U.S. President Donald Trump is dismissing protests that have broken out against his plan to dismantle national health care reforms that marked former President Barack Obama's signature legislative achievement.
Trump, in a comment on his Twitter account late Tuesday, said, "The so-called angry crowds in home districts of some Republicans are actually, in numerous cases, planned out by liberal activists. Sad!"
The White House said Wednesday that Trump would propose a new health care plan to replace the Affordable Care Act, popularly known as Obamacare, in the "next couple weeks."
During the current week-long congressional recess, numerous Republican lawmakers facing voters at town hall gatherings in their home state districts have been greeted with vocal protests against their years-long effort to scuttle the law.
Watch: White House Responds to Voter Outrage at Town Halls Across US
Some, as Trump said, have organized efforts against Republican lawmakers looking to repeal the law, while others at the town halls appear to be individual voters who are saying that they will lose their insurance, leaving them unable to pay their medical bills while facing severe health problems, if Congress doesn't approve a similar replacement measure.
Many say they want Obamacare kept much the same as it is now, with national polls showing the law is now more popular than it was when its existence was not seriously threatened in recent years.
White House spokesman Sean Spicer acknowledged that some of the protesters "are upset" at the possible loss of their health insurance, but that others are part of "manufactured protests" and said they do not reflect broad-based support in the lawmakers' congressional districts for Obamacare.
WATCH: Spicer on Town Hall fury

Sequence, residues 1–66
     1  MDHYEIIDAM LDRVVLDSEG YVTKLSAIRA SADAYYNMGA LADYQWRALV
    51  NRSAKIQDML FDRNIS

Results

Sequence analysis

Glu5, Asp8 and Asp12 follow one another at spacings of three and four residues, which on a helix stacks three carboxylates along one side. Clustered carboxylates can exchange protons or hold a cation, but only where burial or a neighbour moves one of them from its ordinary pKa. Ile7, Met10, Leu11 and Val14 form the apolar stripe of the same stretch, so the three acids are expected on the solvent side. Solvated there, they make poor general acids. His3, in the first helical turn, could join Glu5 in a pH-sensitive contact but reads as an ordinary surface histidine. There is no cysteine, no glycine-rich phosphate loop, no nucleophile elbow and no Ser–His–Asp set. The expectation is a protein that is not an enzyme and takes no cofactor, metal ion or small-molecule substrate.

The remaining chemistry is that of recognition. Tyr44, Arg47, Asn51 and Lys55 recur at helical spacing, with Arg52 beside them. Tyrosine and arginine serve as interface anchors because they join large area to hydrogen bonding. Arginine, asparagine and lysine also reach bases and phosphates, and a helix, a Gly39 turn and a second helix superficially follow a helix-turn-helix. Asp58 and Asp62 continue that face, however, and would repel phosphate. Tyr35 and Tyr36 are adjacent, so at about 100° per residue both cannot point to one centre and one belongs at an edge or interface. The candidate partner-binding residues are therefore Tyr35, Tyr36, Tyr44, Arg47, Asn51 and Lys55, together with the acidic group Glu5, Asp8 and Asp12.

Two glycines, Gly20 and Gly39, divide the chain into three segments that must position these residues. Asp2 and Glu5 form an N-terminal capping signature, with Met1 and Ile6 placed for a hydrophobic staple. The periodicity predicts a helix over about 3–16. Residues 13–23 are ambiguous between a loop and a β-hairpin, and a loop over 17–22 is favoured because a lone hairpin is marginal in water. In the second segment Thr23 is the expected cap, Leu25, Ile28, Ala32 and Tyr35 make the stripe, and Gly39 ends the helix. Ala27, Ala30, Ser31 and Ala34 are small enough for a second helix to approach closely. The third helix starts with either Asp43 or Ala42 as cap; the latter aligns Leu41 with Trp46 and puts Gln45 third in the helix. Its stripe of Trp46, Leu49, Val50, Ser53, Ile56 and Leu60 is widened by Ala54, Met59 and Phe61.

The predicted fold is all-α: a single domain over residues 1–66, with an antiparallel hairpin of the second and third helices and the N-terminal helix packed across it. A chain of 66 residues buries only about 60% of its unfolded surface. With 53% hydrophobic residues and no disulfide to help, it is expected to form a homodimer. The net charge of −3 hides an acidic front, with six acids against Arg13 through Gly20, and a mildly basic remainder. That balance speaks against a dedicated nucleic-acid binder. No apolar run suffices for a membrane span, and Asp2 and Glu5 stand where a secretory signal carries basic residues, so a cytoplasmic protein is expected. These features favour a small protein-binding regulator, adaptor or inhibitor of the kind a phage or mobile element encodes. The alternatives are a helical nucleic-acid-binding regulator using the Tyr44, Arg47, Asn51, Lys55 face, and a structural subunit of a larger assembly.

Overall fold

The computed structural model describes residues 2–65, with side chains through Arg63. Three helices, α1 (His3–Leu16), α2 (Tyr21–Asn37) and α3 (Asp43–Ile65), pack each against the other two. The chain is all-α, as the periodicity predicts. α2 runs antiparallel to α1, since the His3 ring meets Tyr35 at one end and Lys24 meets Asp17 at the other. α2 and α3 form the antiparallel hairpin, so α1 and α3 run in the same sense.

Repeal and replace
With a Republican in the White House who often called the law a "disaster" during his presidential campaign, a big majority of Republican lawmakers had felt they would have a clear path to repealing the law. They have assailed it since its 2010 approval by a Democratic-controlled Congress without a single Republican vote.
Republicans have repeatedly attacked one of the law's key provisions, what many conservatives have long considered an intrusive requirement that all Americans buy health care insurance, or pay a penalty to the government if they don't. Obama vetoed one repeal measure when he was in office, while Democratic lawmakers blocked dozens of other Republican repeal attempts from even reaching his White House desk for his necessary signature.
The law has allowed 20 million previously uninsured people to buy policies to help pay their medical bills, bars insurance companies from refusing to insure patients with pre-existing medical problems and allows young people to stay on their parents' insurance policies until they turn 26. Critics say the insurance policies that have been offered under the law have proven too costly for many to buy, still leaving millions of Americans uninsured.
About half of Americans get their health insurance through their employer and often would not be directly impacted by the fate of Obamacare. About a third of Americans are senior citizens and impoverished people covered by government health care programs; but, the remainder are either uninsured or have bought individual policies for themselves and their families through Obamacare and could be significantly affected if the law is repealed without an adequate replacement.
Now, even as Republican lawmakers have in Trump a like-minded opponent of Obamacare ready to sign repeal legislation, they have struggled to reach agreement on a replacement measure.
Republicans uniformly want to get rid of the penalty tax provision while keeping popular parts of Obamacare, such as the provision on pre-existing medical conditions; but, Republicans and Trump have yet to figure out how to pay for a new national health care law if they eliminate the revenue-producing tax.
During his presidential campaign, Trump vowed that he would get rid of Obamacare on his first day in office.
Now he says it could take into 2018 to repeal and replace it. Congressional Republicans say they plan to act on a repeal within weeks but the legislative outcome remains uncertain, with minority Democrats vocally opposed to overturning the law.